WWI is Sent to a French town, evacuated except *K
fr an asylum. Meanwhle e1w fleeing Germans 41
K have left a time bomb. The asylum inmtet ,k
escape, taking up various cotumes and roles. A #
S very funny comedy and a powerful anti-war film- 'K
the sanity of insanity and vice-versa. Alan Bates, .
. Genevieve Bulled. "Delightfully sbtle satire- i
S penetrating comedy encased in a most beautiful 'K
film.-Judith Gist. In French, with subtitles. '
ADMISSION: $1.50

Vgeinstat~mnt hf ~ ,..g ofthe ho.L ..L.__

pay' he might receive and the
removal of the discharge incident
from his employment record.
WHILE VanValkenburg awaits
some word from the University, six
student cafeteria workers who were
fired during the AFSCME strike last
spring were notified this summer
that they had been "reinstated" with

soeDc a.The University removed their
names from a blacklist and reim-
bursed them for work they missed
after being fired.
It was never made clear by
officials why the students were
discharged. Several of the students,
including Mike Taylor, contend that
it was because of their pro-union
activities during the strike.

Pesticide use limited

WASHINGTON (AP) - Three fed-
eral agencies acted yesterday to
severely restrict use of a widely-used,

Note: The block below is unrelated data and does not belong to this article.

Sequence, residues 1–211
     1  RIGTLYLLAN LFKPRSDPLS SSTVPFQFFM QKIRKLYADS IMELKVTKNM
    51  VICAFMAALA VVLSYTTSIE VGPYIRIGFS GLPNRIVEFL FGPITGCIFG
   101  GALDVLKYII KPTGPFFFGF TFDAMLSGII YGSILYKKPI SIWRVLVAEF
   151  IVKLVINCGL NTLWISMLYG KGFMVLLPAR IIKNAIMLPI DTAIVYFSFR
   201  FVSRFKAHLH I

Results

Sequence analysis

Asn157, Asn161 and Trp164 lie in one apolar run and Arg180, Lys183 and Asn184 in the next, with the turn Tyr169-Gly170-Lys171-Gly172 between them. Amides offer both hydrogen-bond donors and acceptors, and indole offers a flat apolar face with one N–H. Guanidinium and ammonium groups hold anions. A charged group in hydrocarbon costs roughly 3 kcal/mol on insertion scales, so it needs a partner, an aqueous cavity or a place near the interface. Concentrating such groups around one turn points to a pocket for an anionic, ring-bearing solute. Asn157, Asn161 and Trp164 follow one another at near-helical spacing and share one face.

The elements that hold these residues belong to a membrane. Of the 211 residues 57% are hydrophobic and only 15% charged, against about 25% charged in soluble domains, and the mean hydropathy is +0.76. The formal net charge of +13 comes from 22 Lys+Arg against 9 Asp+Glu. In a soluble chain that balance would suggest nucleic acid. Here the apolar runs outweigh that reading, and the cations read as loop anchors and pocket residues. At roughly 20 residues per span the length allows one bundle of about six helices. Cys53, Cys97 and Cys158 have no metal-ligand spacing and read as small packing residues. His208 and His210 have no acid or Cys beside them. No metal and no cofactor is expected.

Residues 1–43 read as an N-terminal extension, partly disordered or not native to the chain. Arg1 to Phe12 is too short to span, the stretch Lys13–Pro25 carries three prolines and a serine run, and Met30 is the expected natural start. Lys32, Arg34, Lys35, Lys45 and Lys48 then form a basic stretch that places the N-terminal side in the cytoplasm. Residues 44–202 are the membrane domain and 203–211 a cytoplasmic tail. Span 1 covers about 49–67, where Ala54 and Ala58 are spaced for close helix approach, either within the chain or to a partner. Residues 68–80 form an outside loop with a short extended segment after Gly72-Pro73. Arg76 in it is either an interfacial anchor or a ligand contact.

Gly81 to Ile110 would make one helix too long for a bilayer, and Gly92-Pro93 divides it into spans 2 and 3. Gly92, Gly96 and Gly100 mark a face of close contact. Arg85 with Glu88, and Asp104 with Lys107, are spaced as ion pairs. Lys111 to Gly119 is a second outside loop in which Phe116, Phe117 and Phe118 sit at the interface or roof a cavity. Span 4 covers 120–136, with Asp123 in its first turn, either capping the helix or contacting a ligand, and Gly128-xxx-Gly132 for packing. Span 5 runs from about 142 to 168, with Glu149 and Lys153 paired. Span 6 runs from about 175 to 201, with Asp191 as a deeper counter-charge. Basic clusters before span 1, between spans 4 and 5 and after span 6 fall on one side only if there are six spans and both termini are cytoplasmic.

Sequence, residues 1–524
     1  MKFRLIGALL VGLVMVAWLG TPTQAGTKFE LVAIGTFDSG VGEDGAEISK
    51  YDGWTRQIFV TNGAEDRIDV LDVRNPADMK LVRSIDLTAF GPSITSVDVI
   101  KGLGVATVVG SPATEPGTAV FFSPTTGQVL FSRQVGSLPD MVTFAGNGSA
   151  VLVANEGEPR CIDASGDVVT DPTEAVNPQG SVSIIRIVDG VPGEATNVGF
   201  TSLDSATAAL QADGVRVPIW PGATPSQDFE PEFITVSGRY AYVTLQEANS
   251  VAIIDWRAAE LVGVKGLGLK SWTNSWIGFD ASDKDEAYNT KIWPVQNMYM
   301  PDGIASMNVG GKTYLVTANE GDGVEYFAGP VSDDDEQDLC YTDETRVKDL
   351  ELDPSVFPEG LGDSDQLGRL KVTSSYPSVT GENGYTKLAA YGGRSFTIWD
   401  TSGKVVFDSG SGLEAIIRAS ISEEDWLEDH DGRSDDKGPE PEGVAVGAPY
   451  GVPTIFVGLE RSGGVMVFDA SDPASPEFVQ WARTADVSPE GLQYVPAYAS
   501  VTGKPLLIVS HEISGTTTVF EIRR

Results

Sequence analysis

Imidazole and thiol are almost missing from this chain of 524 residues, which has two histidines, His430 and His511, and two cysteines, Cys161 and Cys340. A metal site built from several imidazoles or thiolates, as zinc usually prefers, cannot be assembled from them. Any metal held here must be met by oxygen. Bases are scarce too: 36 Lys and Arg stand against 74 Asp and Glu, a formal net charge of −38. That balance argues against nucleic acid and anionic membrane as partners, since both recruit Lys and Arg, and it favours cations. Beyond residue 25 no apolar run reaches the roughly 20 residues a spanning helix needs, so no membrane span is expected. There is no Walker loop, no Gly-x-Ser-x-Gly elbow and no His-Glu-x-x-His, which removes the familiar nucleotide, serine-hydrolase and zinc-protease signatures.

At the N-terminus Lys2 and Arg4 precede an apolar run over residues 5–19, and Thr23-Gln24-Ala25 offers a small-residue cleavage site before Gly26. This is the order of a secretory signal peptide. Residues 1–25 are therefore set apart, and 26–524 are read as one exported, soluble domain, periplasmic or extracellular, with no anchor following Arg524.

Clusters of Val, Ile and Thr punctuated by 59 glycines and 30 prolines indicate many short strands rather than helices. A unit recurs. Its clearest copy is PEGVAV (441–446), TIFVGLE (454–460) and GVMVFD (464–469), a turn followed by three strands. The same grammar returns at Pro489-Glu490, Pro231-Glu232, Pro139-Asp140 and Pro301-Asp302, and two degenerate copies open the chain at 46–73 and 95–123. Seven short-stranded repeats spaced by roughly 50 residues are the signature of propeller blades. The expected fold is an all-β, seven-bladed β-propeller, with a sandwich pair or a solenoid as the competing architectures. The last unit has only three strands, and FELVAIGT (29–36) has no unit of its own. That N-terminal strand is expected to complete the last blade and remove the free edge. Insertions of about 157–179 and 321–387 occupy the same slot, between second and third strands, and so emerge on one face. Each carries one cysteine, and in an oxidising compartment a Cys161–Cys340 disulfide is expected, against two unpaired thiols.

pesticide suspected of causing sterility
in men and cancer in animals.
The actions against dibromochloro-
propane, termed DBCP, include
limiting worker exposure to the chemi-
cal, proposed restrictions on many crop
applications and a monitoring program.
to see if the public is consuming unsafe
amounts left on food.
THE LABOR DEPARTMENT'S Oc-
cupational Safety and Health Admini-
stration announced the actions at a

joint news conference.
"The potential health threat is
grave," said Donald Riester of the
FDA's Bureau of Foods. "Strong,
realistic safeguards are called for."
Edwin 'Johnson, head of the EPA's
pesticide programs, said :30 workers
handling DBPC for three companies
were found to be sterile or to have ex-
tremely low sperm counts.
Grover Wrenn of OSHA announced
that his agency is issuing an emergency
exposire standard for employes rat
about 80 firms across the country
engaged in manufacturing and formu-
lating DBCP products.

The Michigan Daily-Friday, September 9, 1977-Page 5
THE UNIVERSITY OF MICHIGAN
.: PROFESSIONAL THEATRE PROGRAM «J"
GUEST ARTIST SERES 1977-78
IN. THE POWER CENTER FOR THE PERFORMING ARTS
PETR SHAFFER's compelling expert;. The Bard's timeless drama and perhaps his
ence and thrilling psychological detective most widely discussed and debated.Ham-
story of electrifying power. The play boldly lets character, his madness, the dilemma +:
explores the psyche, power, passion and into which circumstances have thrust him,
worship - universal themes that affect our have each come in for microscopic prob-
lives profoundly. ing.
Directed by NAFE KATTER, Directed by RICHARD BURGWIN.
Guest Artist-in-Residence Featuring ROBERT SEVRA, Guest
Featuring WILLIAM C. LEACH Artist-in-Residence, as "Claudius"
Guest Artist-in-Residence
Wed. - Sat. Oct. 12-15, 8 pm;
Sun. Oct. 16, 2 pm only.
by WILLIAM SHAKESPEARE
Wed. - Sat. Nov. 30 - Dec.3 8 pm:
" ... ..: *
..D . '4a m n y
2}
X.9.
X--
by HOWARD SACKLER
Wed. - Sat. March 1-4, 8 p.mn.:
Sun. March 5, 2 pm only
Directed by RICHARD BURGV!N